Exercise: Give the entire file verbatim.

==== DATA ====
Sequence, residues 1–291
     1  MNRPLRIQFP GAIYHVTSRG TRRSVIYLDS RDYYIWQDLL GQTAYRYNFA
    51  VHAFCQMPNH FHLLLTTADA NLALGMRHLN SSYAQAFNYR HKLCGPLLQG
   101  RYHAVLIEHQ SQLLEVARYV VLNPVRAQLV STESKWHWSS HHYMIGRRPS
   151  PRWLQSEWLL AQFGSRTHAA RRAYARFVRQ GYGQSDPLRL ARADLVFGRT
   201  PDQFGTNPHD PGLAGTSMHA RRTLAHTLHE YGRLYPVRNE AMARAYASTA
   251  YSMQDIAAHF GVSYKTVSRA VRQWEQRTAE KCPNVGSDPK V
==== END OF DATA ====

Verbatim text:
Sequence, residues 1–291
     1  MNRPLRIQFP GAIYHVTSRG TRRSVIYLDS RDYYIWQDLL GQTAYRYNFA
    51  VHAFCQMPNH FHLLLTTADA NLALGMRHLN SSYAQAFNYR HKLCGPLLQG
   101  RYHAVLIEHQ SQLLEVARYV VLNPVRAQLV STESKWHWSS HHYMIGRRPS
   151  PRWLQSEWLL AQFGSRTHAA RRAYARFVRQ GYGQSDPLRL ARADLVFGRT
   201  PDQFGTNPHD PGLAGTSMHA RRTLAHTLHE YGRLYPVRNE AMARAYASTA
   251  YSMQDIAAHF GVSYKTVSRA VRQWEQRTAE KCPNVGSDPK V